Molecular Genetics and Genomics

, Volume 280, Issue 2, pp 111–125

Genetic diversity and genomic distribution of homologs encoding NBS-LRR disease resistance proteins in sunflower

  • Osman Radwan
  • Sonali Gandhi
  • Adam Heesacker
  • Brett Whitaker
  • Chris Taylor
  • Alex Plocik
  • Richard Kesseli
  • Alexander Kozik
  • Richard W. Michelmore
  • Steven J. Knapp
Original Paper


Three-fourths of the recognition-dependent disease resistance genes (R-genes) identified in plants encode nucleotide binding site (NBS) leucine-rich repeat (LRR) proteins. NBS-LRR homologs have only been isolated on a limited scale from sunflower (Helianthus annuus L.), and most of the previously identified homologs are members of two large NBS-LRR clusters harboring downy mildew R-genes. We mined the sunflower EST database and used comparative genomics approaches to develop a deeper understanding of the diversity and distribution of NBS-LRR homologs in the sunflower genome. Collectively, 630 NBS-LRR homologs were identified, 88 by mining a database of 284,241 sunflower ESTs and 542 by sequencing 1,248 genomic DNA amplicons isolated from common and wild sunflower species. DNA markers were developed from 196 unique NBS-LRR sequences and facilitated genetic mapping of 167 NBS-LRR loci. The latter were distributed throughout the sunflower genome in 44 clusters or singletons. Wild species ESTs were a particularly rich source of novel NBS-LRR homologs, many of which were tightly linked to previously mapped downy mildew, rust, and broomrape R-genes. The DNA sequence and mapping resources described here should facilitate the discovery and isolation of recognition-dependent R-genes guarding sunflower from a broad spectrum of economically important diseases.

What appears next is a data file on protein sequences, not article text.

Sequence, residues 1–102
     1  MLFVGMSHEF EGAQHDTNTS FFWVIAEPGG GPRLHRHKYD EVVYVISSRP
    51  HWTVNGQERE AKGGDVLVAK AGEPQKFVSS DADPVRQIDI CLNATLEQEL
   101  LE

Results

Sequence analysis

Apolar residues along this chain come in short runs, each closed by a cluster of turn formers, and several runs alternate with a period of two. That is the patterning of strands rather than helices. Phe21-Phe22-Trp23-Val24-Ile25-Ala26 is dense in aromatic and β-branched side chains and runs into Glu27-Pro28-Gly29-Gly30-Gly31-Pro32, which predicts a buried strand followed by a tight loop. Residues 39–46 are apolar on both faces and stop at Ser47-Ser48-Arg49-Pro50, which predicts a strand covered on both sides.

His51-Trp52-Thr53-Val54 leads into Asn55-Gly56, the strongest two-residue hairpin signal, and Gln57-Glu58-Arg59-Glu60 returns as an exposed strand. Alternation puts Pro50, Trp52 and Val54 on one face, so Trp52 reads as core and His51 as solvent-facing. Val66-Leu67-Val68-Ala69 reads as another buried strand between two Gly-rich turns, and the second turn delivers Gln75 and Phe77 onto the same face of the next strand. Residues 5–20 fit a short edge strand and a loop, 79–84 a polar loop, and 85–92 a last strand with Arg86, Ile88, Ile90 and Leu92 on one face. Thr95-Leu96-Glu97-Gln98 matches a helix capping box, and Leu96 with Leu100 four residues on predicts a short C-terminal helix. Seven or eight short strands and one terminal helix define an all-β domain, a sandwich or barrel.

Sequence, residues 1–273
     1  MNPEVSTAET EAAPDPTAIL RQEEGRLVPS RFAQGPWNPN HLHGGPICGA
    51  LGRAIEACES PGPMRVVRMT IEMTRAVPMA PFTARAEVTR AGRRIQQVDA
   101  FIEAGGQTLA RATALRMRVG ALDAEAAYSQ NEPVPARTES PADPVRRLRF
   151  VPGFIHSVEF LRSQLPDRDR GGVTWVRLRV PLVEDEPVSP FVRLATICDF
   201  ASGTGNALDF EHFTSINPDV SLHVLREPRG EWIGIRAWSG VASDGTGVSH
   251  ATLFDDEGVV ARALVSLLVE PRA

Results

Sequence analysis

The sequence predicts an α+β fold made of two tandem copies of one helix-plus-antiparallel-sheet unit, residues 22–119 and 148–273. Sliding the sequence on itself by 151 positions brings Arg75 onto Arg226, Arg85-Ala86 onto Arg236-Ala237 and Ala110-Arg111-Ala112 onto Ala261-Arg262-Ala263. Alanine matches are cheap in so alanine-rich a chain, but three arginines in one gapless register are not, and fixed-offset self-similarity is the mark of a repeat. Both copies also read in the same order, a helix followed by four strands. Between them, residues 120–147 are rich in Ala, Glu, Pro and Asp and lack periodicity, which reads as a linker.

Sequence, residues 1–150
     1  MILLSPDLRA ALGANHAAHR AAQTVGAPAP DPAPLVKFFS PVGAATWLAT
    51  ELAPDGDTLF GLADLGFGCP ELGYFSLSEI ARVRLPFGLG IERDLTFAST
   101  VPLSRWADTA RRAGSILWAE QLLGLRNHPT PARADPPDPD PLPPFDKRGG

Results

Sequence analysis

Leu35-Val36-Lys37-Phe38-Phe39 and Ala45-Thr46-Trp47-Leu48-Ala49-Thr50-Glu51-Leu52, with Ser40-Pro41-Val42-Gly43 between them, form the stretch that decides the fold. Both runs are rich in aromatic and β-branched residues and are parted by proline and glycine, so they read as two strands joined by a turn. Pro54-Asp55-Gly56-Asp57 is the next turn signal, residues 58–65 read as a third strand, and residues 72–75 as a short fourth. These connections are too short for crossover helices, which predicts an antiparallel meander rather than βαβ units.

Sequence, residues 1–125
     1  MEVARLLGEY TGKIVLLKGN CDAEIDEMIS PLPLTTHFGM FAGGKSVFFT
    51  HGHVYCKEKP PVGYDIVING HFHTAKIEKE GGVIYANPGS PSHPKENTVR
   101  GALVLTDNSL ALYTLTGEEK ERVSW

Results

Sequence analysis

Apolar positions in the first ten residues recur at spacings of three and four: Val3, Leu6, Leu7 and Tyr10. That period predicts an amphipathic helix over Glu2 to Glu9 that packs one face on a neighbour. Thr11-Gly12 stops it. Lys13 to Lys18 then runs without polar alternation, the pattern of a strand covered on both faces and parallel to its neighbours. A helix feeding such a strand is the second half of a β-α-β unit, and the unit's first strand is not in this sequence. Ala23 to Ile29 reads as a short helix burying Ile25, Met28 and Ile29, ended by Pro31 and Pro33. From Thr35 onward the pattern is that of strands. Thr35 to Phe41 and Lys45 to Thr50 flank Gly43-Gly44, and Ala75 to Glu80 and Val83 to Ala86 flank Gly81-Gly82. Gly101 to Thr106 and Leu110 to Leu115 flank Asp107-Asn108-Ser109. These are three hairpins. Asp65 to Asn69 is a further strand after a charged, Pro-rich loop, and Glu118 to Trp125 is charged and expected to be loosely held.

Helianthus Lactuca Compositae Resistance genes 


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Copyright information

© Springer-Verlag 2008

Authors and Affiliations

  • Osman Radwan
    • 1
    • 2
  • Sonali Gandhi
    • 3
  • Adam Heesacker
    • 1
  • Brett Whitaker
    • 1
  • Chris Taylor
    • 1
  • Alex Plocik
    • 4
  • Richard Kesseli
    • 4
  • Alexander Kozik
    • 5
  • Richard W. Michelmore
    • 5
  • Steven J. Knapp
    • 1
  1. 1.Center for Applied Genetic TechnologiesThe University of GeorgiaAthensUSA
  2. 2.Plant Production Department, Efficient Productivity InstituteUniversity of ZagazigSharkiaEgypt
  3. 3.Department of Crop and Soil ScienceOregon State UniversityCorvallisUSA
  4. 4.Department of BiologyUniversity of MassachusettsBostonUSA
  5. 5.Department of Plant Sciences and the Genome CenterUniversity of CaliforniaDavisUSA

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